Is it time to rethink how we determine the capacity of our patients who are addicted to drugs? I recently began debating this question after I took care of a young woman with endocarditis. She had a long history of IV drug abuse that had led to the development of endocarditis. She had been admitted one week earlier and was being prepared for surgery, but she left against medical advice “to get a second opinion.” Perhaps not surprisingly, she was now back and, per her, willing to undergo treatment. I drew basic bloodwork, started antibiotics, and called the internal medicine team to request admission. She went upstairs, and I felt pretty good about the job I had done. I did not think about her until a week later when I saw she was in the emergency department waiting room again. It turns out she had left against medical advice again after I had admitted her. She was back again. I did not care for her during the third visit, but I think I know how her story ultimately ended.
Does this story sound familiar to you? I know my experience is not unique. In fact, it’s sadly all too common. We care for patients suffering from addictions every shift and are often the only care providers they can turn to. Despite our best efforts, we are often forced to watch as these patients continually succumb to their addiction, sacrificing their bodies as collateral damage in the battle.
What frustrates me the most is that every time one of these patients leaves against medical advice, they are deemed to have the capacity to refuse medical treatment. I suppose in the strictest legal sense they do. They understand and can repeat back the risks of leaving without proper treatment. They understand that forgoing this treatment can ultimately lead to their death.
Yet, I think it’s worth asking if these patients are truly making a rational decision. While they may verbalize the consequences of their choices, I question whether they truly have the capacity to understand them. Drug addiction changes the brain chemically and structurally. It creates cravings that are more debilitating than acute intoxication. In fact, the word “addiction” comes from a Latin term that means “enslaved by.” These patients may not be intoxicated when they see us, but that does not mean that the substances are not exerting their influences. We would not let a patient who was intoxicated refuse medical care. Why then do we allow patients whose choices are being driven by something they cannot control walk out of our hospitals?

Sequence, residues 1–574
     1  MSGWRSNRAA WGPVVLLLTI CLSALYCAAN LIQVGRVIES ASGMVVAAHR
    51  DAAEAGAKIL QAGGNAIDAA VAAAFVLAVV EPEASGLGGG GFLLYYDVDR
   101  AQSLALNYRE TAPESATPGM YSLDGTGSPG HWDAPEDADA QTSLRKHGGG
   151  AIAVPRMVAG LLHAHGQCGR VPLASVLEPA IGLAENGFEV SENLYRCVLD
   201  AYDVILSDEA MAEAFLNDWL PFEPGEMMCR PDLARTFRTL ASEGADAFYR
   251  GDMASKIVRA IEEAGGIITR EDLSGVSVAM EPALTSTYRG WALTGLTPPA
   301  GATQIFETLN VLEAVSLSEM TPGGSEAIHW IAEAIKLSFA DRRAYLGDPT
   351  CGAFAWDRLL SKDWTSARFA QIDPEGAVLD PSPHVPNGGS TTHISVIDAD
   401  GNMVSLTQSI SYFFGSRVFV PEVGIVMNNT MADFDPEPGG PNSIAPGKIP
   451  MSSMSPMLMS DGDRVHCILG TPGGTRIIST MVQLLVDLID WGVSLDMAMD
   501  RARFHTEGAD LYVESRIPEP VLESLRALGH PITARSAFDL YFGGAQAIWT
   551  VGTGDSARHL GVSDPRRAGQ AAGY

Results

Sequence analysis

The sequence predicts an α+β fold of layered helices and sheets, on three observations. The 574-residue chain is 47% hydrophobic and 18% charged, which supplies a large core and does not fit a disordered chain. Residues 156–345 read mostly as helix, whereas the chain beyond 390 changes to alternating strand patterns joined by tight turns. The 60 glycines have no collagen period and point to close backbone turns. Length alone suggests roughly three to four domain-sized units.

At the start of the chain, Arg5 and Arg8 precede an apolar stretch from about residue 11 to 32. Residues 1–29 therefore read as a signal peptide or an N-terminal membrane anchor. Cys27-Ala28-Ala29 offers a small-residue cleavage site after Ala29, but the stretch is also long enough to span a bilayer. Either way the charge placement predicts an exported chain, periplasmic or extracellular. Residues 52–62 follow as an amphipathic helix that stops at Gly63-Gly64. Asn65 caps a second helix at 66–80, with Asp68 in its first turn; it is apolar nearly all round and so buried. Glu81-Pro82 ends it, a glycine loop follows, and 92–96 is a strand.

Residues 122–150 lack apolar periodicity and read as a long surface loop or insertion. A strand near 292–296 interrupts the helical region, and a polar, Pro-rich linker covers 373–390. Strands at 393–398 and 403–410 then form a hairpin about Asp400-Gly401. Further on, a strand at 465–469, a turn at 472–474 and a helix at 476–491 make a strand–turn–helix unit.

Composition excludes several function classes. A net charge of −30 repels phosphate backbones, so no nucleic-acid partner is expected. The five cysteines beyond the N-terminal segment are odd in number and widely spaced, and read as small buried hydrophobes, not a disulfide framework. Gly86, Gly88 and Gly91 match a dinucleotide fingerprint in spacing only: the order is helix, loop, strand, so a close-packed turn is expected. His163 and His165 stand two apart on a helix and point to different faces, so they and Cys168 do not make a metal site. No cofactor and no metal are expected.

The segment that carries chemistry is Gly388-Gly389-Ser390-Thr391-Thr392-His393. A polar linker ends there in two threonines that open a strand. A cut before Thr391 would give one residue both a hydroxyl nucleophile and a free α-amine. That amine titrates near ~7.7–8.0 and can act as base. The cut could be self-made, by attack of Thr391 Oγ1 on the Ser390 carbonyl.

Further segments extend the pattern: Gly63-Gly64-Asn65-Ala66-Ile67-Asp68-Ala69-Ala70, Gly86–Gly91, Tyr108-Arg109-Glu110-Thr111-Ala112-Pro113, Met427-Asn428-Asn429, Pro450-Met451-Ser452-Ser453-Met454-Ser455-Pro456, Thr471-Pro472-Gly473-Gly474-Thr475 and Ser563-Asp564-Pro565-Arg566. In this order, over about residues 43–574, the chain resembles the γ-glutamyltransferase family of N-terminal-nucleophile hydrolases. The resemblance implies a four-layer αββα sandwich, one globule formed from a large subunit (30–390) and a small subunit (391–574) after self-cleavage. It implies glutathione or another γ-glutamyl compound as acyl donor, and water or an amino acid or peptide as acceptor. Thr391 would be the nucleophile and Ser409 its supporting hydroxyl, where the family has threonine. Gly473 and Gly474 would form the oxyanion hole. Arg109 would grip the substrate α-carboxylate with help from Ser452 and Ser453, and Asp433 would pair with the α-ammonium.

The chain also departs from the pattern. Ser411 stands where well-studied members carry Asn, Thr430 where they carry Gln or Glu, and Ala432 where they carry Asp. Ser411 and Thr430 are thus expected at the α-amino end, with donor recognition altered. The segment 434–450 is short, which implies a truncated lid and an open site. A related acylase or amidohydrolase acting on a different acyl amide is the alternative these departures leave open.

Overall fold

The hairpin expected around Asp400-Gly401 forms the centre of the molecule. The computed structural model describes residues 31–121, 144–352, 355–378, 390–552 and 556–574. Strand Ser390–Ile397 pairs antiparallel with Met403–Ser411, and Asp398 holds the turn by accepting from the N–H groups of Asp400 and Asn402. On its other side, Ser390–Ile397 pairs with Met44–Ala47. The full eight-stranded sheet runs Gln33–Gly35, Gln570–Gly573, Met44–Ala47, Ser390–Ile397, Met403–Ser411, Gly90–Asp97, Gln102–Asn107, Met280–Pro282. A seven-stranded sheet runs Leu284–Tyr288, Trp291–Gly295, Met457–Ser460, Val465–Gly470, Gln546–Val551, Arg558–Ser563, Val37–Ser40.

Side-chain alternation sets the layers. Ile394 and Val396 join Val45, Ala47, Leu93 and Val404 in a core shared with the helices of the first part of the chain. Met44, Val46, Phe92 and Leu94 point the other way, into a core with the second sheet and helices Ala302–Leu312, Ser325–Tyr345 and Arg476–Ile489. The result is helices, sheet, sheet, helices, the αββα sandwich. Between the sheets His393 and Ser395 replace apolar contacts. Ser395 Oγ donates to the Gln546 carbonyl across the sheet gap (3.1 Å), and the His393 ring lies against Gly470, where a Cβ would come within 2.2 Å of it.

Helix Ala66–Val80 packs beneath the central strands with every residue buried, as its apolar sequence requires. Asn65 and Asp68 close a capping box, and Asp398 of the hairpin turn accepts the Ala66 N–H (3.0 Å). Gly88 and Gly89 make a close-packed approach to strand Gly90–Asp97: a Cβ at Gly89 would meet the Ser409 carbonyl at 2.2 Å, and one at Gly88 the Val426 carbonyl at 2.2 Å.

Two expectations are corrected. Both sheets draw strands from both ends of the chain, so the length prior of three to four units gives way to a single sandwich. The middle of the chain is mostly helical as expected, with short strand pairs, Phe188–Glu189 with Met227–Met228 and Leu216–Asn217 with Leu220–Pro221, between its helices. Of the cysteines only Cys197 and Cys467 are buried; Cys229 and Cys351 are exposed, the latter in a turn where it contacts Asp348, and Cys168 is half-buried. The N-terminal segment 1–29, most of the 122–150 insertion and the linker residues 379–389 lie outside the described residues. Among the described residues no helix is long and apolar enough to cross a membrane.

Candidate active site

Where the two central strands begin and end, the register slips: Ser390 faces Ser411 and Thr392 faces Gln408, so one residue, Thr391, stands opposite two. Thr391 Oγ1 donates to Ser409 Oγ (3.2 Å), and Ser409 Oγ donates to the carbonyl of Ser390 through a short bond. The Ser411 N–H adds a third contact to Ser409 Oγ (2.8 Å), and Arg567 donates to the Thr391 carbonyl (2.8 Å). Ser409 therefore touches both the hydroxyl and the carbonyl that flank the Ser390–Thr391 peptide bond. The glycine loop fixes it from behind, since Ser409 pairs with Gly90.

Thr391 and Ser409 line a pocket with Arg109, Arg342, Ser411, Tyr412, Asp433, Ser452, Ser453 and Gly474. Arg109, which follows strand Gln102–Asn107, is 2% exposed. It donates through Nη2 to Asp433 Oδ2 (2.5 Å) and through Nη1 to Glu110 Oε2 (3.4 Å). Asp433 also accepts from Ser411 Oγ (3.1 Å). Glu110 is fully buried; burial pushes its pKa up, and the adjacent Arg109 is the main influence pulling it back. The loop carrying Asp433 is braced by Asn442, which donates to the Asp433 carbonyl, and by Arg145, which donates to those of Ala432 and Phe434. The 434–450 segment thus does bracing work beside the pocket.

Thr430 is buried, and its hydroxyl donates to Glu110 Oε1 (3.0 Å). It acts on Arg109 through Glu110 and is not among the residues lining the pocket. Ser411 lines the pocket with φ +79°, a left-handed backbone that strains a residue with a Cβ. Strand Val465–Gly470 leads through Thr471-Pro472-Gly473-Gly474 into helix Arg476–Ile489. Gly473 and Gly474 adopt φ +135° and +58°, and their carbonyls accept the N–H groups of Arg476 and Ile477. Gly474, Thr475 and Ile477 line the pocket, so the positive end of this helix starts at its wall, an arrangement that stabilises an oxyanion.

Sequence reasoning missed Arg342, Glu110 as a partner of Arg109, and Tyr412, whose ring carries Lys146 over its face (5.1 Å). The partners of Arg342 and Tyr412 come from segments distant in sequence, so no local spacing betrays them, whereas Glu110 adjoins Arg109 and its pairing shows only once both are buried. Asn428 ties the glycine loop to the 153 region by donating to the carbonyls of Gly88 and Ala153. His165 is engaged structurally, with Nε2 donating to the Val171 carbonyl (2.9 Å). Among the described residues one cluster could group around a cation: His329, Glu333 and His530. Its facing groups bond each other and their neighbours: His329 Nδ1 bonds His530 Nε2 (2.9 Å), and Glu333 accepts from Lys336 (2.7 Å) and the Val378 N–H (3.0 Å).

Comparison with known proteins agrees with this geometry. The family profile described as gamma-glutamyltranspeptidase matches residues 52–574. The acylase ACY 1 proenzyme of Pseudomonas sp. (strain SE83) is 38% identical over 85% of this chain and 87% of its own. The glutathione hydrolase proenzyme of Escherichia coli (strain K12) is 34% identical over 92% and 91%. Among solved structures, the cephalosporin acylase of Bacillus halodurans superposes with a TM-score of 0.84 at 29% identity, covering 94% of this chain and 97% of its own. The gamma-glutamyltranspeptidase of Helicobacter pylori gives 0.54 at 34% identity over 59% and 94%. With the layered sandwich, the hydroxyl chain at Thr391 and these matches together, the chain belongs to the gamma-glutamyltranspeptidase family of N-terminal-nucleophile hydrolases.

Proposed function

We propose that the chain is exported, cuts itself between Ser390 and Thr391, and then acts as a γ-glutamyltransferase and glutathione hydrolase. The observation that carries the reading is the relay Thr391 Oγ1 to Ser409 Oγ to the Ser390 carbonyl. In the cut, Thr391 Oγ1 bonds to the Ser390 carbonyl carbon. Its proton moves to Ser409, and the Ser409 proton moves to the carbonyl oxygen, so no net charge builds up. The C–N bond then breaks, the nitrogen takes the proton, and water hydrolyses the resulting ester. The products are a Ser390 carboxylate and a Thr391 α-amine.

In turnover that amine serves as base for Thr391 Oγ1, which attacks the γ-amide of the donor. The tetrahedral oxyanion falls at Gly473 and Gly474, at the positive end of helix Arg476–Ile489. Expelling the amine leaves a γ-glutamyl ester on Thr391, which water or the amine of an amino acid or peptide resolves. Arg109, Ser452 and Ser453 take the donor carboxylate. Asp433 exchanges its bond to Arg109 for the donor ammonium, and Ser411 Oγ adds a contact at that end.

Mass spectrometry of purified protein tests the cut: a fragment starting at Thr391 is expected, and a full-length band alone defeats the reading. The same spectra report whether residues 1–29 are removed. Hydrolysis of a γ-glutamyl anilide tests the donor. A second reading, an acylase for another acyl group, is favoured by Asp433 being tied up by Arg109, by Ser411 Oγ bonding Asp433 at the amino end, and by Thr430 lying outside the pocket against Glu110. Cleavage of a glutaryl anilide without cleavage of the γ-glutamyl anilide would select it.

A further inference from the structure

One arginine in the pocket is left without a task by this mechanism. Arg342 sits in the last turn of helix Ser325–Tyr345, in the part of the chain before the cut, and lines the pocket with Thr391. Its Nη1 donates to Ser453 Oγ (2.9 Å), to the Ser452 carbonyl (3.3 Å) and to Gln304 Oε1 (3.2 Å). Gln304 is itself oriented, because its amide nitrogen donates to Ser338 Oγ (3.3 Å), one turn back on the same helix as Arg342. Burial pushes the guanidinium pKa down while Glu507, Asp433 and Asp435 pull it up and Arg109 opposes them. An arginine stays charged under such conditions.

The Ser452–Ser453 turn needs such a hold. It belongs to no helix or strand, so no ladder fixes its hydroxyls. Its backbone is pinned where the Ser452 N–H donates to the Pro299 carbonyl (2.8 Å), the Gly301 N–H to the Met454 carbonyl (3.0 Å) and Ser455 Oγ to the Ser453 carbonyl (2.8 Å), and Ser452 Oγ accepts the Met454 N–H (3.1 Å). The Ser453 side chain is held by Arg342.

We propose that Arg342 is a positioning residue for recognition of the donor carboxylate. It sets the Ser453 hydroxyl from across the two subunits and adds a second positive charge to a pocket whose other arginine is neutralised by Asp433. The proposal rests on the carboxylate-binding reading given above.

Other countries have recognized that patients suffering from severe addiction lack the capacity to make informed decisions. New Zealand passed the Substance Addiction (Compulsory Assessment and Treatment) Act of 2017. This legislation allows for the involuntary hospitalization and treatment of patients who are considered to have a severe substance addiction. While the main focus is on drug addiction treatment, the bill also allows for involuntary treatment of medical conditions. The bill does note, however, that this option should be the last resort after other less coercive options have failed.
I am not sure if what New Zealand has done is feasible in the United States, but something has to be done. These patients are one of the most vulnerable populations that we treat, and yet we are often forced to watch as their addiction drives them to ruin. We need to rethink whether these patients truly have the capacity or not because the hard truth is, right now, we are failing these patients.
Gregory Jasani is an emergency medicine resident.
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